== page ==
In 2015 The EU banned the use of 4 phthalates (butylbenzyl phthalate (BBP), di(2-ethylhexyl) phthalate (DEHP), dibutyl phthalate (DBP), and diisobutyl phthalate (DIBP)) but companies could seek—and have obtained—continued-use authorizations if there are no safer alternatives. However, very recently on June 20 2017, the EU went further and voted to remove the chemicals from consumer products that contain the phthalates at levels greater than 0.1% by weight by getting rid of any exemptions.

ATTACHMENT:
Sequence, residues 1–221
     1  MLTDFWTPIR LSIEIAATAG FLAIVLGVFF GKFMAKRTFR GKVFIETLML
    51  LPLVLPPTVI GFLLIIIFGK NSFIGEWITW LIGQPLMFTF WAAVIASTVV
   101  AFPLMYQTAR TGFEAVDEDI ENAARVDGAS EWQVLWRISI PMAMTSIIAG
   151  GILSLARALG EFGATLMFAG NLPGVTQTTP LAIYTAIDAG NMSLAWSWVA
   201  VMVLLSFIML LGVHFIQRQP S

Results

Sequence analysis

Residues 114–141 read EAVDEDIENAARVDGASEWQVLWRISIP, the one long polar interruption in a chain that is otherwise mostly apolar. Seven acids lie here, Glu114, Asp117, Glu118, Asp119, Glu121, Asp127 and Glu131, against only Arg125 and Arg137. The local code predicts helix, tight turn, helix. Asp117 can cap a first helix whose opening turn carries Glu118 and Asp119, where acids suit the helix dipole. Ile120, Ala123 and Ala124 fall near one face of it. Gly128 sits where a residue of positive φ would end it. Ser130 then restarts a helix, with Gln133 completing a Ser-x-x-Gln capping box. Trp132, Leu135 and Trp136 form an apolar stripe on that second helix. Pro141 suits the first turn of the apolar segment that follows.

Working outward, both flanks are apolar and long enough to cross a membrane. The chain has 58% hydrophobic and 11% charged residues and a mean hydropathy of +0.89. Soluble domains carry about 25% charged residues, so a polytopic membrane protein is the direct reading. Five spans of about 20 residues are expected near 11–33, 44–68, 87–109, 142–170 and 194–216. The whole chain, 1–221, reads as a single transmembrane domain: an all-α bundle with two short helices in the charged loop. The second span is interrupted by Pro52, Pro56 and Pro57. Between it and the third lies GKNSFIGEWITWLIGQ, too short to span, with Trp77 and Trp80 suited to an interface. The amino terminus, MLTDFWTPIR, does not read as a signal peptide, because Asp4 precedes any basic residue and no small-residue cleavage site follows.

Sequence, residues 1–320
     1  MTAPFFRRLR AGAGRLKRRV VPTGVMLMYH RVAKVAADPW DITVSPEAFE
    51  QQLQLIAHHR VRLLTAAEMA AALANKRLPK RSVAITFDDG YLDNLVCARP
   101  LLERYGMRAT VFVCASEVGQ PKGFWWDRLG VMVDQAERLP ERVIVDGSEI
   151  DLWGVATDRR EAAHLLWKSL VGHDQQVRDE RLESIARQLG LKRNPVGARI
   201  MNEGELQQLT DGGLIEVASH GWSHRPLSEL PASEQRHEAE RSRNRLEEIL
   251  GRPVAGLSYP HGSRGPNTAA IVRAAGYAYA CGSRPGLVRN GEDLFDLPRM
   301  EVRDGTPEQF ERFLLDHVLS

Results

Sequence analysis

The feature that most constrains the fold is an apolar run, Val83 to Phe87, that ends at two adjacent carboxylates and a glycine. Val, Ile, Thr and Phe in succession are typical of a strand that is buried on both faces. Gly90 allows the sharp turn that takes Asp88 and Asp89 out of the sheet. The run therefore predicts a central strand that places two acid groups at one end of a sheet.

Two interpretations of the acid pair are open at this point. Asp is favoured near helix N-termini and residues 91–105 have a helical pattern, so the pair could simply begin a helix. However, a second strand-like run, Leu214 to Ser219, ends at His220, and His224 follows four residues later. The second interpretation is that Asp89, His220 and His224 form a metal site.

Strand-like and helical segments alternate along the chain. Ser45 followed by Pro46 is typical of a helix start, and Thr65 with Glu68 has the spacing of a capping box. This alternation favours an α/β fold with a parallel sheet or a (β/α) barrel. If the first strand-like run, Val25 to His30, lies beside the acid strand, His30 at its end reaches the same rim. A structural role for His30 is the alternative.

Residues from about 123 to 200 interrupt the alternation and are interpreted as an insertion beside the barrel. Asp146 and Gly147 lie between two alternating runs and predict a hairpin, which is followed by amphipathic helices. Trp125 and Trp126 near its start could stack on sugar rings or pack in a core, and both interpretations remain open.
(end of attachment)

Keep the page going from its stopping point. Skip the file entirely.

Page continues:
Phthalates are industrial chemicals often used to soften plastics in toys, household items such as food containers, and medical devices as well as construction materials, floorings, paints, lubricating oils, wood finishes, detergents, industrial plastics, pharmaceuticals, and as a plasticizer for polyvinyl chloride products. Phthalates have been increasingly added to cosmetic products such as perfumes, lotions, hairsprays, moisturisers, nail polish, deodorants, and ingredients in makeup, shampoos and soaps. They are used primarily at concentrations of less than 10% as plasticizers in products such as nail polishes (to reduce cracking by making polished nails less brittle) and hairsprays (to help avoid stiffness by allowing them to form a flexible film on the hair) and as solvents and perfume fixatives in various other products. Phthalates produce oily textures in lotions and they contribute to making skin feel soft and helping lotions penetrate deeper into the skin.